You’ve heard the expression, “follow your heart.” Well, it’s my birthday (don’t ask which one), and here I am in sunny Mexico. Isla Mujeres, to be exact, off the coast of Cancun. I just printed up my cards in English and Spanish advertising. I have been working here since 1990.
Anyway, I am being treated to iced coffee and a croissant by my daughter who works in an Italian cafe. I’m reading one of the books I throw in my suitcase whenever I go off to work in Spanish-speaking countries-Ernesto Issberner Hadane’s Tratado de Quirosofia. It’s a well-marked Spanish translation of a book that first appeared in Germany around 1920.
Hadane informs us in the sixth edition published by a Buenos Aires publisher (Kier) that a wave of mysticism had invaded the people after the world war. He was referring to the people in Europe and to the first one. A new spiritualism led to courses being taught at the University of Berlin including Practical Anthropology, which studied the form and structure of hands. The police also had gotten into palmistry, making use of the tool to better understand subjects in criminology.
With typical German rigor, Hadane advises how to approach the field so as to avoid pitfalls of the novice. He advises reading one chapter at a time, very slowly. Once having gone through an entire book methodically, he recommends you go back and read it just as closely again, once you trust the author. You will see, he says, how much information you will have missed the first time.
While this advice is probably sound no matter what the topic, it is particularly true of palmistry; many drown in all the details. Large nails mean you are impressionable and imaginative. Blue hands mean poor circulation. Thumbs turned inward mean extreme precaution and rigidity. And so on.
So after swimming and chanting in the sea, I took Hadane’s advice and brought his book to the cafe where my daughter was treating me. My intent was to brush up on some details about the ending of heart lines. I had been setting up across from a live music venue under a sign that reads Pancho’s, table cloth, candle, and cards on a large overturned barrel, doing reading for tourists. People on vacation always want to know about their love lines. So I thought I would reacquaint myself with the knowledge of this German expert once again. Besides, it helps me tune into Spanish for Mexican customers.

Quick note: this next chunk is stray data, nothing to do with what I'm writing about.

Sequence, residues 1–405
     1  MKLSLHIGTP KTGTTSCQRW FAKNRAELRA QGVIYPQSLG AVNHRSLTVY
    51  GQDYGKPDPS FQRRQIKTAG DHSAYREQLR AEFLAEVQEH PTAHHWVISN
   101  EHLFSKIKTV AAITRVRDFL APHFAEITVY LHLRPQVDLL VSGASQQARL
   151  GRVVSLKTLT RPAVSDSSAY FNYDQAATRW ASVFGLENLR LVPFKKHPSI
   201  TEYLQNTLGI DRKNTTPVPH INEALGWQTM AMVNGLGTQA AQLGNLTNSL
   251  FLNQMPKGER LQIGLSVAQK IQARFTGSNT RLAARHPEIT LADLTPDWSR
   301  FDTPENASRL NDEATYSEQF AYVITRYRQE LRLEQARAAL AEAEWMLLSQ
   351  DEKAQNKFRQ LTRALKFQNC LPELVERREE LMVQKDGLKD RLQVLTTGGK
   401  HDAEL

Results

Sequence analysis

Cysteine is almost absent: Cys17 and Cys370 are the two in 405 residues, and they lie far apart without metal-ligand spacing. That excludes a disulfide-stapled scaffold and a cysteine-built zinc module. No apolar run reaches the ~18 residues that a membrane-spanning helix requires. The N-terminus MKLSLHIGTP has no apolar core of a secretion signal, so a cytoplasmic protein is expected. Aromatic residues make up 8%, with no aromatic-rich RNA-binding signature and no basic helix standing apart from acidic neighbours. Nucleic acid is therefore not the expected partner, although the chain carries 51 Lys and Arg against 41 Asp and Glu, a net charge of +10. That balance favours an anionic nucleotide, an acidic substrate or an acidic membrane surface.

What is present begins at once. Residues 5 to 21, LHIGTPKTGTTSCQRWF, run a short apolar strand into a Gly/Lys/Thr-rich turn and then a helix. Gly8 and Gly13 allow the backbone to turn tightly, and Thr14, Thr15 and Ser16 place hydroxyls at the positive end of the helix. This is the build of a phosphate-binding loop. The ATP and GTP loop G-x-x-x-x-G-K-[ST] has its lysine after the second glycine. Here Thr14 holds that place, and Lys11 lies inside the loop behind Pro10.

Turns out, I had consulted Hadane on this very topic some 18 years ago, when I first began to use his book religiously, when first becoming a palmistry zealot. In tiny cramped writing in red water-stained ink on a folded page, I read, as I had once noted-many fine lines in the Mound of Venus means you are sensual. Yet if your heart line ends in many lines going every which way, you will most likely be disappointed in love.
Your heart line is the one beginning about a half inch down from your little finger and extending across the palm, usually reaching at least the base of the middle finger and hopefully the base of the pointer. If this line is marked by many crossings, your love life is likely to be rich in illusion and disenchantment.
What is more, you may be insensitive if you have a heart line that ends at the base of your middle (bird-flipping) finger. And if your heart line ends between that finger (Saturn) and the next (Jupiter, the pointer), your success with the opposite sex is likely to be limited.
What you want to find, either in your own hands or as presented in a prospective partner’s, is a heart line that ends in the mound under Jupiter. Now that spells success!
Batya Weinbaum reads palms privately and can be reached through The Independent.